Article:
Paul Smiths, NY, Sep 26, 2013 — Trying to put nature back the way we found it can be more complicated than just leaving things alone. Dr. Curt Stager talks with Martha Foley about attempts to restore "green tree reservoirs," flood-plain forests that have been reduced 80 percent in size by human encroachment. Go to full article
Andrew Wood, Jake Tibbles, and Sarah Walsh with their finished tern nest.
May 07, 2009 — Almost ten years ago, conservationists tried a novel experiment to protect the common tern, a threatened native bird on the St. Lawrence River. The tern's nesting habitat was getting overrun by gulls and geese. So a group of people sort of faked that habitat on the Seaway's giant navigation buoys, known as "nav cells". The plan worked. In 2006, the number of tern nests on the St. Lawrence was the highest recorded since 1982. The tern restoration project is a collaboration between Save the River, the Thousand Islands Land Trust, and Massena-based biologist Lee Harper. And the group has not stood pat. For our series "Story 2.0" - revisiting reports from the NCPR archive - David Sommerstein returns to the Thousand Islands to see the latest in tern-saving technology - a wire grid that keeps tern chicks in and other aggressive birds out. Go to full article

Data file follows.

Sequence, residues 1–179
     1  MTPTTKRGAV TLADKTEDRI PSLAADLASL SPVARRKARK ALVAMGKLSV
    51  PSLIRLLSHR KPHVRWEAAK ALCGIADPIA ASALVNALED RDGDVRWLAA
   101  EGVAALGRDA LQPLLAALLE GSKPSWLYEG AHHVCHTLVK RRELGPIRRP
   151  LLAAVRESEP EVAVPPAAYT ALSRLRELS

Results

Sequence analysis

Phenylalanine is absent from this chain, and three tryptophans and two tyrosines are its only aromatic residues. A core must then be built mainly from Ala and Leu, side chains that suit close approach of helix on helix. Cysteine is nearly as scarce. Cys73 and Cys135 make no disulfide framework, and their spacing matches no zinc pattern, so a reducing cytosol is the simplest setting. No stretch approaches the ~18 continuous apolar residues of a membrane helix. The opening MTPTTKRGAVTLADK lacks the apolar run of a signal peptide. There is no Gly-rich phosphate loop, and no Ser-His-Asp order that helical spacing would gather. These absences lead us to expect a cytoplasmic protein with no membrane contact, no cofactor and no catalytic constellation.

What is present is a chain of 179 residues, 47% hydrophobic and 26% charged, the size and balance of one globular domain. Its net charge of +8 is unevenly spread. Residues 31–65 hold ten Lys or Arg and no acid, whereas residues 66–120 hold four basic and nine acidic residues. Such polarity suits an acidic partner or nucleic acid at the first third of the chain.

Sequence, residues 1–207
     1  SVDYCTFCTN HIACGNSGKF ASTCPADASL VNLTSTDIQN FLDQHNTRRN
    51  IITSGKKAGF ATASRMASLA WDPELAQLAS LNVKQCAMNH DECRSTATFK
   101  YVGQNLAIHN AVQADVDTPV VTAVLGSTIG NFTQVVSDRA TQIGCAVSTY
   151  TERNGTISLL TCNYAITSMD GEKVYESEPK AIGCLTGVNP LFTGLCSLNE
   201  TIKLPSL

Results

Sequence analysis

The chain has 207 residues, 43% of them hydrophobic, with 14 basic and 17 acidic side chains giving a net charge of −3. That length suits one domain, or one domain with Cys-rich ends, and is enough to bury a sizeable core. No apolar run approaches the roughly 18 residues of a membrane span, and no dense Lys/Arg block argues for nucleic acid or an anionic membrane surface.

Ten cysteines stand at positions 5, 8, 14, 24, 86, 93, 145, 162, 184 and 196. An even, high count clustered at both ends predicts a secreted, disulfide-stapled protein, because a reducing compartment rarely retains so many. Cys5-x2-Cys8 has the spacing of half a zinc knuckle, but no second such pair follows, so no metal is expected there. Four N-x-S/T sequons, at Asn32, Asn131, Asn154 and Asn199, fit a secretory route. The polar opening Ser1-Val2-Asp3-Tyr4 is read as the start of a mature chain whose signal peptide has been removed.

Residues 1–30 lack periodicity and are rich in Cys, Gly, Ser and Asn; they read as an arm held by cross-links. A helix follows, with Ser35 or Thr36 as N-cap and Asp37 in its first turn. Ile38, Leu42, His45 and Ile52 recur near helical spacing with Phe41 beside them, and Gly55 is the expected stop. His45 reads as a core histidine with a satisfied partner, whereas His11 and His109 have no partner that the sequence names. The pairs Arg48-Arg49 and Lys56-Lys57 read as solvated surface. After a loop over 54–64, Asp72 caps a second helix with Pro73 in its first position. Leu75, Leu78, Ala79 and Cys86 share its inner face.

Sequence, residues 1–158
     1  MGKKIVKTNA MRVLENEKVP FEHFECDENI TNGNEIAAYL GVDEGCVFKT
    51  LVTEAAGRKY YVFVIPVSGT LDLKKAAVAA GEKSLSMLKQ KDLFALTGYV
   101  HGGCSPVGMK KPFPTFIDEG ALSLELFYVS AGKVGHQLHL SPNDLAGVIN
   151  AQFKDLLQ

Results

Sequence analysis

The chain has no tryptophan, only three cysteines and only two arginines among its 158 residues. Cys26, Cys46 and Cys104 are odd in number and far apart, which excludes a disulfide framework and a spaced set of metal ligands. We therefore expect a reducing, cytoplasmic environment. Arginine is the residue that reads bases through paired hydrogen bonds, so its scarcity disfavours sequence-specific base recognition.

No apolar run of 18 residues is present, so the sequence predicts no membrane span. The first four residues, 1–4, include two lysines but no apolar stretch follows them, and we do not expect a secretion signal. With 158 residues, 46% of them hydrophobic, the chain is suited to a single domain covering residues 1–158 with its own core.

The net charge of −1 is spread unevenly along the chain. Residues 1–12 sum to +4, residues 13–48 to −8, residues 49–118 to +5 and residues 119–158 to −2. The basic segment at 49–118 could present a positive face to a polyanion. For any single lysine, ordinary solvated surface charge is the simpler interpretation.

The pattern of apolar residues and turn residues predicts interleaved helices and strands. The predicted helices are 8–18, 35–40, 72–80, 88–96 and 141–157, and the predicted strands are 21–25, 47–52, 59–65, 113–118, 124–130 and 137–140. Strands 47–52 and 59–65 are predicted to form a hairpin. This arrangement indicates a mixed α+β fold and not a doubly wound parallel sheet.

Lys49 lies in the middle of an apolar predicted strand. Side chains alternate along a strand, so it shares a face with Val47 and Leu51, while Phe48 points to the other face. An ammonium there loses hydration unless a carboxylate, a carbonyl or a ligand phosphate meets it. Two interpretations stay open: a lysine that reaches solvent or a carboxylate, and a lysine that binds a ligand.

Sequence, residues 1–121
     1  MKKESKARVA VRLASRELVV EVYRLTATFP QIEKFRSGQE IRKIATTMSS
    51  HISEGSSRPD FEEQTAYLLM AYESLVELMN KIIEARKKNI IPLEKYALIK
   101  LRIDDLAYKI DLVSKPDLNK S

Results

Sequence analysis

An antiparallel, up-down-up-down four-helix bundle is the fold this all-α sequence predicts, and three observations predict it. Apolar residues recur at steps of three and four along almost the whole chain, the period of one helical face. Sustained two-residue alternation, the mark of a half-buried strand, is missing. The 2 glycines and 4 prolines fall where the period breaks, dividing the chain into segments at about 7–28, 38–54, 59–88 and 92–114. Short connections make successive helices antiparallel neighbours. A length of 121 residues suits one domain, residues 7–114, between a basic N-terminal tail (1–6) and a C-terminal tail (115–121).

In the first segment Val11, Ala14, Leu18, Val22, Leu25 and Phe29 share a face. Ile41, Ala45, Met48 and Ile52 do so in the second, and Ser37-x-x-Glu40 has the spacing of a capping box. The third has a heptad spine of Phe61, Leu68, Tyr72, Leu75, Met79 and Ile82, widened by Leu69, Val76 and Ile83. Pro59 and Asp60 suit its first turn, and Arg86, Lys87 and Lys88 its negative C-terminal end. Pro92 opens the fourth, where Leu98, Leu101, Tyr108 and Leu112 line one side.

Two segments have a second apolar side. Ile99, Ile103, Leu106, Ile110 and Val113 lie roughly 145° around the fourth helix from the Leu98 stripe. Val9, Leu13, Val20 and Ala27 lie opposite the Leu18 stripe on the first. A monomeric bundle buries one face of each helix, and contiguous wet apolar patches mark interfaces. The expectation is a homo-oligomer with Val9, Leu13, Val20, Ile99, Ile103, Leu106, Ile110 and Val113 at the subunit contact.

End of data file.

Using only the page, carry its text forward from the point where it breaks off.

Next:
May 30, 2008 — Earlier this year, Indian Lake residents banded together to save their historic theater in the middle of town. It's re-opening this weekend. It could have been just another casualty of the North Country's declining population and struggling economy. But a summer schedule of movies is planned, and it's hoped the theater will once again be the center of Indian Lake's artistic, cultural and community life. Todd Moe spoke with Colleen Doyle, the new director of the theater, as she took a break from some touch-up work on the theater's stage. Go to full article
Aug 30, 2001 — US responds to report saying a new sense of urgency is needed to restore and protect the Great Lakes. The report was issued by bi-national commission overseeing US and Canadian cooperation on lakes issues. The Great Lakes Radio Consortium's Lester Graham reports. Go to full article